Confronting physician burnout through faith and calling

Even before the pandemic, healthcare professionals, and in particular, physicians, have been burning out at record rates. A landmark study by Tait Shanafelt, et al., at Stanford University found that 45% of US physicians were experiencing significant burnout in 2012, with rates increasing to 50% by 2015, and 40-70% depending on specialty.

Course infographic
US physician burnout in 2015 (data from Shanafelt, et. al.; infographic created by Nicholas Janes).

Although medical organizations are working on interventions to address burnout systematically, many physicians are left to cope with burnout on their own—a tall order for those who already have too much on their plates, and often a lonely endeavor for professionals already feeling isolated. 

Duke faculty and physicians Ryan Bayley and Farr Curlin, however, hope to offer their peers another option with their 4-week online course, Intentional Practice for Christian Physicians: Tools to Recover Your Calling, which begins October 24. The course, originally offered in a secular form through Duke Alumni Affairs in Fall 2018, has been reformatted to address a Christian audience in partnership with Duke Divinity School. (This course is eligible for 10.0 AMA PRA Category 1 Credit(s)™.)

Bayley and Curlin introduce the course in this short video:

“The physician burnout world is full of ideas for self-care and stress management,” Bayley says. “And these are critically important and often overlooked. But for many, these are simply not enough. This course goes further, and uses evidence-based tools to help clinicians explore meaning and calling, and use that to create a specific plan for living a more vital life.”

A course for physicians by physicians

Curlin and Bayley are effective course instructors and coaches because they’ve lived through burnout and found ways to mitigate its effects. Curlin received his MD from UNC-Chapel Hill, doing his residency and fellowship at the University of Chicago, and then going on to practice in palliative care and found and co-direct the Program on Medicine and Religion at UChicago. Since 2014, Curlin has served as the Josiah C. Trent Professor of Medical Humanities in the Trent Center for Bioethics, Humanities and History of Medicine at Duke, and Co-Director of the Theology, Medicine and Culture Initiative at Duke Divinity School.

Bayley received his MD from Vanderbilt University and is double boarded in Emergency Medicine and Emergency Medical Services. In 2013 he also trained as an executive coach, and founded one of the few coaching and consulting companies dedicated to working with medical professionals. In addition to coaching and speaking nationally on physician career design, he continues to work clinically in Granville County, NC, and holds an adjunct position at Duke University.

“Many of us live in a perpetual state of too-muchness,” Bayley says. “Too much to do, too many expectations, too many unsolvable problems. Live this way for any amount of time, and you will find yourself just going through the motions. You will work harder and harder, and yet that will not translate into a sense of fulfillment at the end of the day. When I personally found myself stuck this way, I tried everything imaginable. The only thing that ultimately helped was a structured process for slowing down and systematically reconnecting with values and a vision for what I really wanted.”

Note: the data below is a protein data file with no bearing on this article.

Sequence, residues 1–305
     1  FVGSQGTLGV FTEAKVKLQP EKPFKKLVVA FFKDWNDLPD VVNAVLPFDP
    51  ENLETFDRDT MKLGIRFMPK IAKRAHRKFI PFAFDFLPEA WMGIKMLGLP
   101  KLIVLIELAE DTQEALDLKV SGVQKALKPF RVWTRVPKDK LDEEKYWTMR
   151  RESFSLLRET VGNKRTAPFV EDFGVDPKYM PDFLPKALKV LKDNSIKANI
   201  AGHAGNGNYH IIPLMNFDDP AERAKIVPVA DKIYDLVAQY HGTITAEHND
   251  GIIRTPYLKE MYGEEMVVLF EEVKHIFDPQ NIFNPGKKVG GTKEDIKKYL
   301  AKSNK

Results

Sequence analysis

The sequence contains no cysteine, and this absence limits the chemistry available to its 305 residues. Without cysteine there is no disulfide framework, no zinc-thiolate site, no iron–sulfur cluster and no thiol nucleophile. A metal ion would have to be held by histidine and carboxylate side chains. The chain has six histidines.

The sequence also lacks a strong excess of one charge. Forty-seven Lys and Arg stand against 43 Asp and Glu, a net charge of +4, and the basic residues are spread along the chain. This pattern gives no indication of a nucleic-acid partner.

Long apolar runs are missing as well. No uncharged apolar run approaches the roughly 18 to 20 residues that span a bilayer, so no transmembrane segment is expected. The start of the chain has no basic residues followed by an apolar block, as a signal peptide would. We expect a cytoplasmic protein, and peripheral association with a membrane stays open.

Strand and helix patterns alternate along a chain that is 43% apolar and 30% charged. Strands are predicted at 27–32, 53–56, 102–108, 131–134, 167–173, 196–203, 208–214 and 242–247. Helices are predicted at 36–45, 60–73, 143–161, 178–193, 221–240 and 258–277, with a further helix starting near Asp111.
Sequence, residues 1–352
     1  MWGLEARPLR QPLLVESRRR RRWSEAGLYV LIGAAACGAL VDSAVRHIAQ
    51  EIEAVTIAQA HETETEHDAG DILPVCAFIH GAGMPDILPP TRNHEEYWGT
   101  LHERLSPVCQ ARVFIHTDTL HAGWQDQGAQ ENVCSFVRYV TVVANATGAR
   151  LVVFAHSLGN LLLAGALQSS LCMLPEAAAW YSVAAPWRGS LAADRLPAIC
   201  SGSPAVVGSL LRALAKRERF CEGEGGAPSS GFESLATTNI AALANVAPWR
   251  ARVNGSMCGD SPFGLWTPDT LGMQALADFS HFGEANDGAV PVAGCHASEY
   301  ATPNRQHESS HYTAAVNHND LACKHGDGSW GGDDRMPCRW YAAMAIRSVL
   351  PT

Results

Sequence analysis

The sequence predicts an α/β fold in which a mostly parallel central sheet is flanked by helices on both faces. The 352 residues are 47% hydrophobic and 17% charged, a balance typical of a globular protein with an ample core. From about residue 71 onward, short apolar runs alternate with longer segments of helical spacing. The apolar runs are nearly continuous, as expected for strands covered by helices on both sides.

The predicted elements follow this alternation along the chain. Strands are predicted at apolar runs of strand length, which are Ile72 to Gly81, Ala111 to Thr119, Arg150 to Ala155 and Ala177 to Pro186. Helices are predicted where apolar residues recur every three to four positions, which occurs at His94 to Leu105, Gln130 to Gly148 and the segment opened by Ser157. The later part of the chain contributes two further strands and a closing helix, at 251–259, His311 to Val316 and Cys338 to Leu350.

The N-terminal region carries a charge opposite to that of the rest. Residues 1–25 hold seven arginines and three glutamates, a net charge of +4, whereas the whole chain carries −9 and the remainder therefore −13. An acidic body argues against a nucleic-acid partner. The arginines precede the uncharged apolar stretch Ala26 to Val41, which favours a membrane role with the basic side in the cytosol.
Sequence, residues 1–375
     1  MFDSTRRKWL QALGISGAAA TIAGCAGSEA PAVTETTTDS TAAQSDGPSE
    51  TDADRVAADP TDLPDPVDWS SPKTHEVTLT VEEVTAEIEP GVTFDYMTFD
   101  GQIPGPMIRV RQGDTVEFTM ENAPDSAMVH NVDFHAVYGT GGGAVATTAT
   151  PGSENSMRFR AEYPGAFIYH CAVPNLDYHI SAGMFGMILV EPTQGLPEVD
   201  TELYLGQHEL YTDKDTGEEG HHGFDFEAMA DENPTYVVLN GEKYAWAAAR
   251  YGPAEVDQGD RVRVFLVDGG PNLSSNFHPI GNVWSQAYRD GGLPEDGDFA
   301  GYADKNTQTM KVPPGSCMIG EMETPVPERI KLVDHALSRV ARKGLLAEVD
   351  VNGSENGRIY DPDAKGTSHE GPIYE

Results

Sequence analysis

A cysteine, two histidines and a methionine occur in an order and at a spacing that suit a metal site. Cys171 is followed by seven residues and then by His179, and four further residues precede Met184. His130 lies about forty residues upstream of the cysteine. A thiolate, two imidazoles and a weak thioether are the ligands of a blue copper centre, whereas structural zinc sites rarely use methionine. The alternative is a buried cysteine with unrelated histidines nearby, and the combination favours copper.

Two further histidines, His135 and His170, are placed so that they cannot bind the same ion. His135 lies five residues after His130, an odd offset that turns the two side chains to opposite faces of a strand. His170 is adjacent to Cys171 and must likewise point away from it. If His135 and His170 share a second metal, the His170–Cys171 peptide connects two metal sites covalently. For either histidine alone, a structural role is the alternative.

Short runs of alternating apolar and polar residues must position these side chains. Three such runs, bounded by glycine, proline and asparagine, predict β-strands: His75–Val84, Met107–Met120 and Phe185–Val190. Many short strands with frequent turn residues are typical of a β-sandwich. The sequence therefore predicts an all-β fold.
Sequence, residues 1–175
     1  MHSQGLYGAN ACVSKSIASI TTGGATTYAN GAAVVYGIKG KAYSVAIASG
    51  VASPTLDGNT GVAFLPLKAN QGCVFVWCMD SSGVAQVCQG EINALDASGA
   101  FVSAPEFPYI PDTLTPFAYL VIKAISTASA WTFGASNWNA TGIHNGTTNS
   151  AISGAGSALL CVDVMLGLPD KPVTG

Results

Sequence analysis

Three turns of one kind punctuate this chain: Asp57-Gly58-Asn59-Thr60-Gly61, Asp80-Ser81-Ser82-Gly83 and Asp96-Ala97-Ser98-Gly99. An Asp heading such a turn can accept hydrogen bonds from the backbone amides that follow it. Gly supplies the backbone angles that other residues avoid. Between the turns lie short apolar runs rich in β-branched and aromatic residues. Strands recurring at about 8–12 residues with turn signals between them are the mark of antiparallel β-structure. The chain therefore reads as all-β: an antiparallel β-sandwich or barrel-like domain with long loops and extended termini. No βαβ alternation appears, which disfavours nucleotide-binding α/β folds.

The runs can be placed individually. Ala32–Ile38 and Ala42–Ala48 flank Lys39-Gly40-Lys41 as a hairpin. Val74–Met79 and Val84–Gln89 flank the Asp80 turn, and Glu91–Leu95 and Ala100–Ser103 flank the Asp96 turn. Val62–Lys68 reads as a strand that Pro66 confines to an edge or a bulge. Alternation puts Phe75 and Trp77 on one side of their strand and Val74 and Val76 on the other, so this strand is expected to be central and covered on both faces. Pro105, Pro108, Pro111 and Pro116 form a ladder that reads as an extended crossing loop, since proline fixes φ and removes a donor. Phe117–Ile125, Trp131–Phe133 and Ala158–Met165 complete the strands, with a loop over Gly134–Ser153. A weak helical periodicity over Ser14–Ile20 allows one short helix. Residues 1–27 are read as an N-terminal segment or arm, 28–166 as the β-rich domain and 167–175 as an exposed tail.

Course elements

In the Intentional Practice course, Curlin and Bayley draw on their experiences in the field to help other physicians, with Bayley providing evidence-based techniques that have proved successful in his coaching career, and Curlin setting a theological framework for moving from moral injury to a values-based vocation supported by faith. After taking stock of physician burnout and its causes, Curlin and Bayley guide learners through weekly exercises that explore their deepest values and vocations, culminating in a clear action plan for overcoming the obstacles that make it difficult to live and practice medicine according to those commitments.

Each week, learners watch succinct, studio-recorded videos, read 1-2 articles, and complete several activities in a custom-designed, printed workbook, before the week’s Zoom session. Here’s a sneak peek at one of the course videos:

Then Bayley, Curlin, and the learners gather on Zoom to discuss their experiences with burnout and what’s holding them back from making changes. While the experiences vary, the refrain is the same—exhaustion, overwhelm, loss of satisfaction in work and life, struggling relationships, and a loss of meaning in their work. Simply having the opportunity to share their struggles with a group of their peers starts learners on a road to recovery.

Small group connections

In these discussions, Bayley and Curlin come to the table not as experts who have it all figured out, but as peers who have been there, and who still have to make an effort to avoid falling back into burnout. Through the four weeks together, the instructors and learners are able to bond, commiserate, and find new perspectives. Learners also are encouraged to journal regularly and to explore other optional resources, articles, and videos along the way.

Then, in the culminating week of the course, learners receive a series of case studies that details how actual physicians have made changes to relieve burnout. These case studies provide additional approaches for learners to consider as they work on their own action plan for a better life.

As Curlin urges fellow physicians, “Don’t let learned helplessness and ‘the system’ keep you from the joy of practicing medicine.”

To learn more about the course and register, visit the Duke Divinity Events page. Registration closes October 11.